Deeding Property to Avoid Probate – Bad Idea
Following the holidays there are a number of clients who come to see me and ask to have their children added to their property for the purposes of transferring such property at their death. In essence, they are looking to avoid probate. What they don’t realize is that such changes are fraught with potential consequences. Once the consequences are explained, almost all of my clients elect not to make the change. Here are some of those consequences.
In many of these cases, the property which is having the children added are vacant lots. The major issue with doing this are capital gain taxes. The IRS has established a rule that when an owner adds another to their property without proper payment for such property, the recipient of the gift takes the property at the base value of what the donor paid for it. What this means is, if Mom and Dad purchased the property back in 1980 at $5,000.00 and the children are added to the property in 2017, they take ownership at the original value of $5,000.00. Upon the death of the surviving parent, should the children elect to sell the property, any amount over $5,000.00 will be subject to Federal capital gains tax (depending on whether it is short or long term). Therefore, if the property is sold at $30,000.00, a $25,000.00 capital gain tax will be charged to the children.
Can this be avoided? Of course, but it means that the surviving parent needs to convey the property via their Will or Trust instrument to the children. Doing so gives the children a step-up in basis in the value of the property. Therefore, if the property is sold following the death of the surviving parent, the value of the property receives a step-up in basis to the fair market value of the property at death or 6 months following such death. The sale of property at $30,000.00 has no capital gain impact, assuming it is the fair market value at death or 6 months after death. Given today’s tax rates you just saved your children $5,000.00 in taxes.
In a minority of situations, the surviving parent desires to have the children added to their homestead property which presents an even greater problem because the value of the property is greater than that of a vacant lot. However, what many people do not realize is, if the homestead property is subject to a mortgage, the IRS considers the transfer to the children as a sale subjecting Mom and Dad to the capital gain rules of the Treasury Department. Even more important, because the children are generally not permanent residents of the homestead, they would fail to qualify for the $250,000.00 exemption for purposes of reducing their capital gain taxes at the point of selling the property.
Although a gift tax consequence exists when transferring property, such consequences do not affect a majority of persons. Upon placing your children onto a deed to avoid probate, a gift has occurred. If the value of the property is greater than $14,000.00, notification to the IRS is required. However, you are entitled to a $5.49 million-dollar exemption before any gift tax is imposed. It’s just the aggravation of having to report it that creates the consequence.
What about the protection from creditors provided by Article X, Section 4 of the Florida Constitution? That level of protection could be lost when adding the children to your property. The protection against creditors is provided to those Florida citizens whose property is considered their permanent residence. When the children are added to Mom and Dad’s deed and are not permanent residents of the homestead property, any judgments against the children are enforceable against the homestead at the point of its sale. Thus, if child A has a judgement against them for $100,000.00, and the property is sold with a profit of $100,000.00, child A and all of the other persons listed on the deed will receive zero profit. However, had Mom and Dad simply placed child A on their Will or Trust instrument as a recipient of their homestead, the children would have received their share of the $100,000.00 without having child A’s judgment affect their share.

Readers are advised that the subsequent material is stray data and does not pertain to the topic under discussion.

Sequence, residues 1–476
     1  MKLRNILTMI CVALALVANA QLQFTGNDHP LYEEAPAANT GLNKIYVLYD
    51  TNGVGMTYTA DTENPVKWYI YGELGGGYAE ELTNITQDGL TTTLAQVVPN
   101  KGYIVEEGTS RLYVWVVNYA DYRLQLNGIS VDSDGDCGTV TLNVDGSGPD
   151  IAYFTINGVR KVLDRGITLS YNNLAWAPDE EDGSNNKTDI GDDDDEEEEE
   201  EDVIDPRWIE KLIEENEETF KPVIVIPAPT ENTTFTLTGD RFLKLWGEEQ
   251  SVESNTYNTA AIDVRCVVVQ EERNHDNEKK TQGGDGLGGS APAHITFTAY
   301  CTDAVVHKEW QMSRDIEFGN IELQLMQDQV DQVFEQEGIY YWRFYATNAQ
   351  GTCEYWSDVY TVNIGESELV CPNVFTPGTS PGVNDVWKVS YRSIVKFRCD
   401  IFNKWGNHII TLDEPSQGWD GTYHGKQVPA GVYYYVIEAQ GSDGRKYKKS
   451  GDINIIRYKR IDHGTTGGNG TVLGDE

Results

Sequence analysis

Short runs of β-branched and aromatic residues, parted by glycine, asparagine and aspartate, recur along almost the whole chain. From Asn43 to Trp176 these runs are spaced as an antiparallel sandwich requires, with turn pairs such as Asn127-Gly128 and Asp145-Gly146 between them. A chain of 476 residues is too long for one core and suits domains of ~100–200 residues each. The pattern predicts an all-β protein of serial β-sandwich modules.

What if the property is part of a homeowner’s association? In many situations, the addition of any person to a deed may require that the added person be approved by the association. This is especially true when the community has a 55+ age restriction. Failure to get approval can result in violations subject to fining or worse, having the transfer set aside.
Finally, another issue to consider is the potential for a partition action. This can occur when one of the children becomes angry and wants out of the joint tenancy with Mom, Dad and the other siblings; but, also wants their share of the value of the property. They can do this by simply filing a law suit under the premise of partitioning the property. When this occurs, the court enters into the picture and enforces the property’s sale on the court house steps. Nobody wins in this situation and families are generally torn apart.
As you can see, simply adding a child to your property may seem like a good thing to do; but, it is loaded with consequences from taxes to judgments. Before you commit to adding your children to your property, go see the lawyer of your choice and discuss the options, in the end, your children and you will be much happier.
This article is intended for informational use only and is not for purposes of providing legal advice or association of a lawyer – client relationship.